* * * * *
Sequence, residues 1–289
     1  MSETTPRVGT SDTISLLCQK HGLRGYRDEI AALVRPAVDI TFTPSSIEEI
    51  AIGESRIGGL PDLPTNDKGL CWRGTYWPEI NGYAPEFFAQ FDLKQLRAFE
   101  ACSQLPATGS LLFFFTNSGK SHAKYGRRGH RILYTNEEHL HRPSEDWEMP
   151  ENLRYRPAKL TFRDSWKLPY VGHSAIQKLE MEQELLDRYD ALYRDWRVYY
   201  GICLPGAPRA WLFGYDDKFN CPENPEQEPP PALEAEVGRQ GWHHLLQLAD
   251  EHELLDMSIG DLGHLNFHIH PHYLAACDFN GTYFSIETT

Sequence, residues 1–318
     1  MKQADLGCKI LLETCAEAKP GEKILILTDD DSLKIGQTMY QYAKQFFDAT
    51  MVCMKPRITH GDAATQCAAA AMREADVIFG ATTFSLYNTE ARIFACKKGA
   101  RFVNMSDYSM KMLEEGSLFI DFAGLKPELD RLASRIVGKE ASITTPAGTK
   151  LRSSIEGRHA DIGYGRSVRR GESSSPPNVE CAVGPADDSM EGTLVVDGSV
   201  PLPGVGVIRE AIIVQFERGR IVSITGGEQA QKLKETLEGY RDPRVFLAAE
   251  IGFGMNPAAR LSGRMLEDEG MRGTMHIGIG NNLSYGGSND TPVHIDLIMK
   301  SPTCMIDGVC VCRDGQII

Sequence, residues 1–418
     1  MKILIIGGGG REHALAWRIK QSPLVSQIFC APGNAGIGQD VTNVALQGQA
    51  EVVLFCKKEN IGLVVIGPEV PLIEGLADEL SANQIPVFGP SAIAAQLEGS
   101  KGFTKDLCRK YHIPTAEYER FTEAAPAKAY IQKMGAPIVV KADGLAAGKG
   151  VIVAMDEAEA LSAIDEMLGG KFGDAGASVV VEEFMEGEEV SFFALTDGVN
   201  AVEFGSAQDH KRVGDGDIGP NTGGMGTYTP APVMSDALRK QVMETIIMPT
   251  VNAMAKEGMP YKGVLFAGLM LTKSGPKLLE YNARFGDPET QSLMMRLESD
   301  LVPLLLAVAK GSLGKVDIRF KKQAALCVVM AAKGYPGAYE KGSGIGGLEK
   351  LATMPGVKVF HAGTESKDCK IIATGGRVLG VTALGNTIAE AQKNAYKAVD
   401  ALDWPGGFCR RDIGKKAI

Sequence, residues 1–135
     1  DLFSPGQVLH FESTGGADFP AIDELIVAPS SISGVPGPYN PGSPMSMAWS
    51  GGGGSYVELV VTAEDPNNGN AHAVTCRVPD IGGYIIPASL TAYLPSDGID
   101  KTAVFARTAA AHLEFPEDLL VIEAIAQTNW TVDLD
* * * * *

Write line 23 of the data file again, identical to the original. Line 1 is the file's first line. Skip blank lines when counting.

   301  LVPLLLAVAK GSLGKVDIRF KKQAALCVVM AAKGYPGAYE KGSGIGGLEK